But Mr Ross said: “We already are ahead of Labour, and Labour have gone backwards at every single election since devolution.”

First Ministers Questions
Scottish Labour leader Anas Sarwar (Andy Buchanan/PA)

Asked where he stands on coalitions with other parties including Labour, Mr Ross said he is open to working with parties “who want to focus on the local priorities”.

“We’ve seen in parts of the country – for example, Aberdeen City – the Conservatives worked with who were then Labour councillors, but the Labour Party kicked them out,” Mr Ross said.

“Labour couldn’t stand councillors working with the Conservatives that turned that into the best council anywhere in the United Kingdom, yet they’re in coalition with the SNP in six councils in other parts of Scotland, so they think that’s fine.

“I don’t. I wouldn’t go into coalition in councils and our councillors wouldn’t go into council coalitions with the SNP because we know their only priority is going to be another divisive, damaging independence referendum.”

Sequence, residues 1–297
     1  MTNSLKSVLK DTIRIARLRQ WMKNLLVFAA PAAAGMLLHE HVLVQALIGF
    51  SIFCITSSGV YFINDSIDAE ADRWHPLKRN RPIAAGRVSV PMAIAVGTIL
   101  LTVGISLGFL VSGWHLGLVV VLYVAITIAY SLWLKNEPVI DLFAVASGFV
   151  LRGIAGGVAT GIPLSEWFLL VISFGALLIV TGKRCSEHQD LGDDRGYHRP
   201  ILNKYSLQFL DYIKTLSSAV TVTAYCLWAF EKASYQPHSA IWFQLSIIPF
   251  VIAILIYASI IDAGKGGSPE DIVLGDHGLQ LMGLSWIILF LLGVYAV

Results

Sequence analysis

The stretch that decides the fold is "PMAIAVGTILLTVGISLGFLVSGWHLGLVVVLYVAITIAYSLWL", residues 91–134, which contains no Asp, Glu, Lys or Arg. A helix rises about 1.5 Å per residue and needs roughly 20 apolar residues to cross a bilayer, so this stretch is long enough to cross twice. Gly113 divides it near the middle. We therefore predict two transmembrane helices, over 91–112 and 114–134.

SNP MP Mhairi Black urged Scots to vote for her party to elect “SNP councillors who will work tirelessly for communities, and to cast a verdict on the Tory Government’s dire record and blatant power grab move”.

Ms Black said: “When it comes to Levelling Up funding, Boris Johnson and Michael Gove led a Brexit campaign that promised £1.5 billion a year for Scottish devolved services when the UK left the EU.

“Instead all we have heard announced is £172 million. To put that in context, for every £1 they promised they’ve given 11 pence – Scotland has been short-changed by 89%.”

Already a subscriber? Sign in



More from The Courier Politics team

More from The Courier